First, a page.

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Merus, Caris Life Sciences Partner to ID NRG1 Fusion-Positive Cancer Patients for Clinical Trial

NEW YORK – Drug developer Merus said on Monday that it will work with molecular testing firm Caris Life Sciences to test cancer patients for NRG1 fusions and potentially enroll patients who have the genetic alterations into its Phase I/II eNRGy trial for the bispecific antibody zenocutuzumab.

The NRG1 gene fusion is driver of cancer cell growth that can be present in lung, pancreatic and other solid tumors. Zenocutuzumab blocks the interaction between the NRG1 fusion protein and its receptor HER3. In preclinical models, zenocutuzumab stopped tumor growth in mice and xenograft models harboring NRG1 fusion-positive tumors.

Additionally, preliminary data presented at a medical conference last year found that three NRG1 fusion-positive patients — two with pancreatic ductal adenocarcinoma and one with non-small cell lung cancer — treated with zenocutuzumab saw their tumors shrink. The drug also appeared to be well tolerated, with less than 5 percent of patients reporting grade 3 or higher adverse events.

"Initial data from these three patients suggest that it is important to look for NRG1 fusions in tumors, particularly in KRAS-negative pancreatic cancer and invasive mucinous adenocarcinoma of the lung, and when identified, patients should consider treatment in a clinical trial targeting this alteration," Alison Schram, an oncologist at Memorial Sloan Kettering and an investigator on the study, said in a statement.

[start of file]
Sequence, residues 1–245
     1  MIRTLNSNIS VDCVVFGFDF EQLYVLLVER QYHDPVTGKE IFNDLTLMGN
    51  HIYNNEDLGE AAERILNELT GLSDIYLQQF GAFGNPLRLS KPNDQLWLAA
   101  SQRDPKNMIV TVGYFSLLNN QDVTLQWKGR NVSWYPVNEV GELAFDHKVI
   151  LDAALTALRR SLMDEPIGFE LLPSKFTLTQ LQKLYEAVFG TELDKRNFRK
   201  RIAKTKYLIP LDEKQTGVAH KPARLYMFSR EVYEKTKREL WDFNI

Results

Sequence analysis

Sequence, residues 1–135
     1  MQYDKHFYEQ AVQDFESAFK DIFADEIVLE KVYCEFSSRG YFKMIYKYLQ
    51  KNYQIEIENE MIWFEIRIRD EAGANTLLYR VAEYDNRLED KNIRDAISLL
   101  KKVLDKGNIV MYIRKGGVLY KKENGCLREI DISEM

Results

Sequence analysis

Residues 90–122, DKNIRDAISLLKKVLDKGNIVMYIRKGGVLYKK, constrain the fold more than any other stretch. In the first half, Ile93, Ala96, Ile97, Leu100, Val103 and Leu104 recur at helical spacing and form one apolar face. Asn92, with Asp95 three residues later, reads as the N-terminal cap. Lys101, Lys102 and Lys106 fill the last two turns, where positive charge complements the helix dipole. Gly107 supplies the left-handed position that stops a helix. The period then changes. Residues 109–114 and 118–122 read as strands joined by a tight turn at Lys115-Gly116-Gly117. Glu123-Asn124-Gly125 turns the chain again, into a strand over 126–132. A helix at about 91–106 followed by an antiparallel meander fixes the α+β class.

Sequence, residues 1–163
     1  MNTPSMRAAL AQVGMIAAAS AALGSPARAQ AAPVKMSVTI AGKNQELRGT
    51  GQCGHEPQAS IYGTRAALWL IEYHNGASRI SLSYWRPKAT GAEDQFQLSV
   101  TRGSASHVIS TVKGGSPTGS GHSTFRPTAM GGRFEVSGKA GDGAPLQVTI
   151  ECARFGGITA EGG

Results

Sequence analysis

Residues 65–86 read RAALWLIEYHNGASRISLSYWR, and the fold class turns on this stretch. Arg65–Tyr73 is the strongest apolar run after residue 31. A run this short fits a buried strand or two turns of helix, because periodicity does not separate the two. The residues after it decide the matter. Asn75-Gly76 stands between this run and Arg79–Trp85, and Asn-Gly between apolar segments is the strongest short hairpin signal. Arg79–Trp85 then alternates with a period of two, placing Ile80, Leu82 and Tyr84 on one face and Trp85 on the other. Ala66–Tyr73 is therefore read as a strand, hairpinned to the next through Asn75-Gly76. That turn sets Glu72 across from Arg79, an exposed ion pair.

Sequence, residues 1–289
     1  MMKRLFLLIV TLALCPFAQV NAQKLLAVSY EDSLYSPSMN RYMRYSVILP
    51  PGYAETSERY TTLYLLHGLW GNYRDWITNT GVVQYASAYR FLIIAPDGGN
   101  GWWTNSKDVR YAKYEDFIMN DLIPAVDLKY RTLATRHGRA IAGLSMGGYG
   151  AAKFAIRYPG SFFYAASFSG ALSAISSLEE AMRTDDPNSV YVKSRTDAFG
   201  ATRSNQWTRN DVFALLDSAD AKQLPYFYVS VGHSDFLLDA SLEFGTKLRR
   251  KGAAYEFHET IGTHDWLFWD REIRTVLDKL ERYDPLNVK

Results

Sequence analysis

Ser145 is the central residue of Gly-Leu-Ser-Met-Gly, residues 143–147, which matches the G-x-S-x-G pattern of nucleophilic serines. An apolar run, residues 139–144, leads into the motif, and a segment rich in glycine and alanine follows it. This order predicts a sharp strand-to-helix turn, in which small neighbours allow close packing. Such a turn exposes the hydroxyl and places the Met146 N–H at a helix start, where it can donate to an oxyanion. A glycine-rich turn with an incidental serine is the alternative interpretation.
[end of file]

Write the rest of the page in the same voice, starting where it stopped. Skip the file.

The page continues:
The Phase I/II eNRGy trial will assess the safety and antitumor activity of zenocutuzumab monotherapy in NRG1 fusion-positive cancers. The study will have three cohorts: NRG1 fusion-positive pancreatic cancer, NRG1 fusion-positive NSCLC, and NRG1 fusion-positive solid tumors that are not pancreatic cancer or NSCLC. 

Under the agreement, Caris will provide whole-exome DNA sequencing and whole transcriptome RNA sequencing to identify the presence of NRG1 fusions and support patient identification and trial enrollment. It will mainly focus on testing patients with pancreatic cancer.

"While genomic sequencing is more commonly being used in the healthcare setting, it is not sufficiently employed in the diagnosis and management of pancreatic and other cancers where treatment options have been limited," Merus CEO Bill Lundberg said in a statement, adding that the collaboration with Caris will help raise awareness in this regard and enhance enrollment in the eNRGy trial and the early access program for zenocutuzumab.